USA | 2016 | 103 min | English
What does it mean to film another person? How does it affect that person? And what does it do to the photographer? Kirsten Johnson is one of the most prolific cinematographers working in documentary film today. In this visually radical memoir, she presents a deeply poetic mosaic of footage she has shot for myriad other directors, including Michael Moore, Kirby Dick and Laura Poitras. There is painful and shocking material from Bosnia, Rwanda and Afghanistan, as well as scenes from the James Byrd Jr. trial—concerning the racist murder of a black man in Texas in the late 1990s—and less disturbing work about a Nigerian midwife and a young boxer from New York. All of this is reframed to illuminate moments and situations that have personally affected Kirsten. The result is an elegant meditation on the relationship between storytelling and the camera frame—a personal journey of craft and human connection.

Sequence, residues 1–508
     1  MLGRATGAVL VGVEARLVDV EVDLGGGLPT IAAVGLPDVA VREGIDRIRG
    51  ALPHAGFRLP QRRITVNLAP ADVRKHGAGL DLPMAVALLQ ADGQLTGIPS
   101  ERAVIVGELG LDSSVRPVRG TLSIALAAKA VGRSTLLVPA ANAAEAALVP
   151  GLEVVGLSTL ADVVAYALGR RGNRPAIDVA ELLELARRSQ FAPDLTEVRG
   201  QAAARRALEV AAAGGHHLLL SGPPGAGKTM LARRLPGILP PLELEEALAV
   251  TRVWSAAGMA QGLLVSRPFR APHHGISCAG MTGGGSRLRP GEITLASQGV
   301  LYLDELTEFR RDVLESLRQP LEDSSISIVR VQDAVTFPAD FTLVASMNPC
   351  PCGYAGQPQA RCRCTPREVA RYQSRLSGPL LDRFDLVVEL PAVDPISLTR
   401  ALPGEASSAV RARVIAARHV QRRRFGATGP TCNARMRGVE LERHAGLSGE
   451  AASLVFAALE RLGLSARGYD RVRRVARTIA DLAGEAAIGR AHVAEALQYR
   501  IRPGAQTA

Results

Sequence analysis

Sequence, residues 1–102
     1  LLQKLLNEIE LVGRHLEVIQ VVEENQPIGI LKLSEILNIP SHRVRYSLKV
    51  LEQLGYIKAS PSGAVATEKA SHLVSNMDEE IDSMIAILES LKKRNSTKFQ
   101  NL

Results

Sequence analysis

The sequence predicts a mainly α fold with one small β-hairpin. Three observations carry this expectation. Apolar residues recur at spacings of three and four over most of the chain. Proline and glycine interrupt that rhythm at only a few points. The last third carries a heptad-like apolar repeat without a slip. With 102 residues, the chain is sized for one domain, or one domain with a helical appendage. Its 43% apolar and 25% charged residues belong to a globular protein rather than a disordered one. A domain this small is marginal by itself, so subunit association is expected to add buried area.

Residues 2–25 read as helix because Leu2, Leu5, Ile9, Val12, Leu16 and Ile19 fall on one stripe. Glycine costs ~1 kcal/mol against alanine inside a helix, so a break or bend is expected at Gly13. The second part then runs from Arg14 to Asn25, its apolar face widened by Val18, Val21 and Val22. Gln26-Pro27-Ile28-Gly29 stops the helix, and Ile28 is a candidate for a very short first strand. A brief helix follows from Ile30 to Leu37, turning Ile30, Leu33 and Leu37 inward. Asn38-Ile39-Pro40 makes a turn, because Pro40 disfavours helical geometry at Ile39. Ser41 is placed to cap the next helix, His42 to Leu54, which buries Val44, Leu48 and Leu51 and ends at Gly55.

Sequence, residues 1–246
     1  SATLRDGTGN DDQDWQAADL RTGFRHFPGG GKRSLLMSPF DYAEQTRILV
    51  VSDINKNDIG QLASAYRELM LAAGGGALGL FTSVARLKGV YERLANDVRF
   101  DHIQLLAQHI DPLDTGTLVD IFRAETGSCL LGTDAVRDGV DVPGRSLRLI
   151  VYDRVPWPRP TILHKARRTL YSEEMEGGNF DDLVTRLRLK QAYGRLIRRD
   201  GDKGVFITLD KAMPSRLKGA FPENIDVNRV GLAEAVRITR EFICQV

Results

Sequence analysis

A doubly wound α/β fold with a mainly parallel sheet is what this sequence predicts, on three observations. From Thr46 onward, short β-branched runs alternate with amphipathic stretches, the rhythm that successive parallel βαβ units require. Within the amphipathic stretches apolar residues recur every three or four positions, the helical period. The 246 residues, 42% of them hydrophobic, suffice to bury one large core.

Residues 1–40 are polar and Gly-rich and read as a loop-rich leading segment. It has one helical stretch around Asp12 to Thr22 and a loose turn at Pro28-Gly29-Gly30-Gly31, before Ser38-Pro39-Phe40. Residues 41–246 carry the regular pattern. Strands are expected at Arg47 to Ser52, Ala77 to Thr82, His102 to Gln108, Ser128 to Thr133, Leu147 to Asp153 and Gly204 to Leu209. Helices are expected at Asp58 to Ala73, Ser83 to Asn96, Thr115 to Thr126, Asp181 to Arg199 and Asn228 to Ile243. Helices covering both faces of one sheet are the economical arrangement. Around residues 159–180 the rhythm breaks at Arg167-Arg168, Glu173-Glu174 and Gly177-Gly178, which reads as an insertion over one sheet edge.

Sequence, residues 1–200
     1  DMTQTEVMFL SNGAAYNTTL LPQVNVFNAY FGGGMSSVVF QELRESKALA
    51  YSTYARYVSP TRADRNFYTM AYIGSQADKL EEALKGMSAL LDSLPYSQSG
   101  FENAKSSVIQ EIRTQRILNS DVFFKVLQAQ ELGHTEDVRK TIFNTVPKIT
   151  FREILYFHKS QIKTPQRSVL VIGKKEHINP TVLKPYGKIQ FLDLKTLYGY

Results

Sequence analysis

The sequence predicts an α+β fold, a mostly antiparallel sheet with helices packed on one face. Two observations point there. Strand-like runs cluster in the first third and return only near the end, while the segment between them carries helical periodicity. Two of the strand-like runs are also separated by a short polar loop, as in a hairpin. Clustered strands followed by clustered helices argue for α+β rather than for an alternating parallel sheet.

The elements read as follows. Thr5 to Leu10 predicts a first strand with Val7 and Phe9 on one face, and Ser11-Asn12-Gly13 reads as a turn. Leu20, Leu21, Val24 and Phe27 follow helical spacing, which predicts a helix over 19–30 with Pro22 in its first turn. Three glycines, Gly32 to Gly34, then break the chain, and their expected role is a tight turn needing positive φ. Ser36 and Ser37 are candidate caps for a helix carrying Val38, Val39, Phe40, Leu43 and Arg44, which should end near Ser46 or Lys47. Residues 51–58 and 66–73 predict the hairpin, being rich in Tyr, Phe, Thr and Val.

Born in 1965, Kirsten Johnson is a graduate of Brown University, US. She has served as a cinematographer on more than 40 feature documentaries including Fahrenheit 9/11 (2004), This Film Is Not Yet Rated (2006) and the Oscar-winning Citizenfour (2014). “The dilemmas I face while holding my camera are formidable,” she says. “There are the challenges I must face—how to frame, find focus, choose direction. The other troubles are implicit. The people I film are in often desperate material need, but I offer little to nothing material. I can and will leave a place when the people I film cannot. I traffic in hope without the ability to know the future. I’ve been aware of these dimensions for most of my career. What I didn’t know is how the accumulation of these dilemmas would begin to impact me.”